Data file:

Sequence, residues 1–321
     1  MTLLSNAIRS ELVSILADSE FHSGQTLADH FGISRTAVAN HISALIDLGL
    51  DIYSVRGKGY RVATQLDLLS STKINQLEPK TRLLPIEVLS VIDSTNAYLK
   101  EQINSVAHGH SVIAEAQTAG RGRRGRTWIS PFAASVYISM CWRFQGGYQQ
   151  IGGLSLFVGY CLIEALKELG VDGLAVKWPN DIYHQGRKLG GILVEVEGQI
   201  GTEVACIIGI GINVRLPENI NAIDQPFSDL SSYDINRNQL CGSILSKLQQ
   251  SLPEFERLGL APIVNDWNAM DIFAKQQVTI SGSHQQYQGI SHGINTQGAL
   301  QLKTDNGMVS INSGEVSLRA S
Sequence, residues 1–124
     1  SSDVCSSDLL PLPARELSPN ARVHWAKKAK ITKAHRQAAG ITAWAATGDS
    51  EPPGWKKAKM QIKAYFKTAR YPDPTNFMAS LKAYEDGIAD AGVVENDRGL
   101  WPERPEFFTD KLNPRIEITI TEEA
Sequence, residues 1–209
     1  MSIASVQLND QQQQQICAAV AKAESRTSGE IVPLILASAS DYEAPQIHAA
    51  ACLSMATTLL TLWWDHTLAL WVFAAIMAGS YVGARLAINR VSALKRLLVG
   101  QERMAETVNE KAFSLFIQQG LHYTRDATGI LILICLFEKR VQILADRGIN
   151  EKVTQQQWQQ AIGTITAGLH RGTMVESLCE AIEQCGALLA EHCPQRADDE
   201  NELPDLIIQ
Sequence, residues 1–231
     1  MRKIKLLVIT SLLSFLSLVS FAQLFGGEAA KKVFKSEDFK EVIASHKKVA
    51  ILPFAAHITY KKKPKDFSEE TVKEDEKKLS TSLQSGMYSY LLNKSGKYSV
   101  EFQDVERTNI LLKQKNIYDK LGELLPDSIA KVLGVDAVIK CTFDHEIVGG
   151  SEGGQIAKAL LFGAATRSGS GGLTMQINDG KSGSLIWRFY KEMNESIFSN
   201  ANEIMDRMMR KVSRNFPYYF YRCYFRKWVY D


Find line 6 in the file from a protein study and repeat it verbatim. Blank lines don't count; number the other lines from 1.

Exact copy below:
   201  GTEVACIIGI GINVRLPENI NAIDQPFSDL SSYDINRNQL CGSILSKLQQ